Ford Mustang hits the wall with 2-star Euro NCAP score

Lack of modern safety technology and other flaws mark Ford's sports car down in the latest round of tests

The Ford Mustang has plenty to commend it: It looks fantastic, brims with character, and it's great fun to drive, even if it lacks the sophistication of some European rivals.

Unfortunately, a high safety rating from Euro NCAP is not among the Mustang's merits, with the safety body awarding Ford's pony car just two stars out of five in its lastest round of assessments.

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That's the lowest score a brand new vehicle has achieved in quite some time, with several aspects marking down the 'Stang's performance. Among those were the front driver and passenger airbags' failure to inflate fully enough to properly restrain occupants, a lack of seatbelt pretensioners and load-limiters on the rear seats, and in the side impact, the head of a representative 10-year old dummy striking the door trim below the curtain airbag.

> Read our full review of the Ford Mustang

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The score can also be explained by Ford's failure to fit some pieces of safety equipment now fitted to a large majority of cars in the European market, namely Forward Collision Warning - a system fitted to models sold in the US, but not currently fitted to European models.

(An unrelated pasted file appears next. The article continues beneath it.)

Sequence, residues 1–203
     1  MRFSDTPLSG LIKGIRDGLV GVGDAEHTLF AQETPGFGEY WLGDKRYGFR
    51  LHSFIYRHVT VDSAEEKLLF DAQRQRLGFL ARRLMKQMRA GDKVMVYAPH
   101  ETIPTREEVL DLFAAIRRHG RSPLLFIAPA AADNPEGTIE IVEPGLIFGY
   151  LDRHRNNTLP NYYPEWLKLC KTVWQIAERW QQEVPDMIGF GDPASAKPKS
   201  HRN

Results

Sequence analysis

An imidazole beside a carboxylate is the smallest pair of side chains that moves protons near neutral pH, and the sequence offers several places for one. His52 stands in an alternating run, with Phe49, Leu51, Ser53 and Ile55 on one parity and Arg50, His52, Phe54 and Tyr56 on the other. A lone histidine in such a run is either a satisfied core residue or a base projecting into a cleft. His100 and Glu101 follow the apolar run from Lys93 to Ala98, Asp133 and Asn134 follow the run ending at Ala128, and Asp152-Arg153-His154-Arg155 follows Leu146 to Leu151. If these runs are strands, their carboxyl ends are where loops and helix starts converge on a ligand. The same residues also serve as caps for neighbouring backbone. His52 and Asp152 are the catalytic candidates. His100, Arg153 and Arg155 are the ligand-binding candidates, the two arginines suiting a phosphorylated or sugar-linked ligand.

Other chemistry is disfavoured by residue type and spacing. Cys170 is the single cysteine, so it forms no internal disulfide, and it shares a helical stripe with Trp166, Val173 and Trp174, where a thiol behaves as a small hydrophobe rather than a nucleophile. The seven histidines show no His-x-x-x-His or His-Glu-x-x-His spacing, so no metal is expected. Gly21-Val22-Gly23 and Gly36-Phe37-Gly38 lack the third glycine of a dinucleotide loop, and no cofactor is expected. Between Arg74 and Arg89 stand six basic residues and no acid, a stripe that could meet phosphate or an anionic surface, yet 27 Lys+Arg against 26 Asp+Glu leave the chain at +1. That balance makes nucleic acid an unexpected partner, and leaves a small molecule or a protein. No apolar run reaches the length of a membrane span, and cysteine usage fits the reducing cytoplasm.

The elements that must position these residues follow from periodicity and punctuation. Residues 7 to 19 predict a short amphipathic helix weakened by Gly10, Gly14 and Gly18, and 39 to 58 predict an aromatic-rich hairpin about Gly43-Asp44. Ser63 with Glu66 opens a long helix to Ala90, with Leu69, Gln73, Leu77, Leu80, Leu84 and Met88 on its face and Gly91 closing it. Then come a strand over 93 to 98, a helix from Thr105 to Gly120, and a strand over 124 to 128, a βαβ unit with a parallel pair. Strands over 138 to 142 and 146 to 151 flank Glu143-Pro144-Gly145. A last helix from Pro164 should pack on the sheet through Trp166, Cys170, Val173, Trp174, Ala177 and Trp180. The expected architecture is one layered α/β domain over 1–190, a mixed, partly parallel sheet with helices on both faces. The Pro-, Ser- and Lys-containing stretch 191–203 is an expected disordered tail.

While the latter is a strange situation, it's worth noting that the Mustang has scored well in current US crash tests from the Insurance Institute for Highway Safety (IIHS), and the National Highway Traffic Safety Administration (NHTSA).

The Mustang scored "Good" ratings in all but the IIHS's small front overlap test - an incredibly difficult scenario in which a car crashes into a rigid barrier at 40mph across only 25 per cent of its body width, compared to 40 per cent in normal offset tests. In NHTSA tests the Mustang scored five starts in every metric, including roll-over testing - an American standard not assessed in Europe.

> 2018 Ford Mustang - Facelift and extra power for popular pony car

As such the Mustang can't be categorically described as an unsafe car, and indeed a two-star car in 2017 could even be considerably safer than a five-star car from a decade ago, given the way safety regulations and testing have progressed.

It is however quite embarassing for Ford, which has confirmed it will soon fit Pre-Collision Assist and Lane Keep Assist when the facelifted model arrives.

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Elsewhere in Euro NCAP testing, Volvo continues to uphold its reputation for safety, with both the new S90 and V90 joining the XC90 as the safest cars the body has ever tested.



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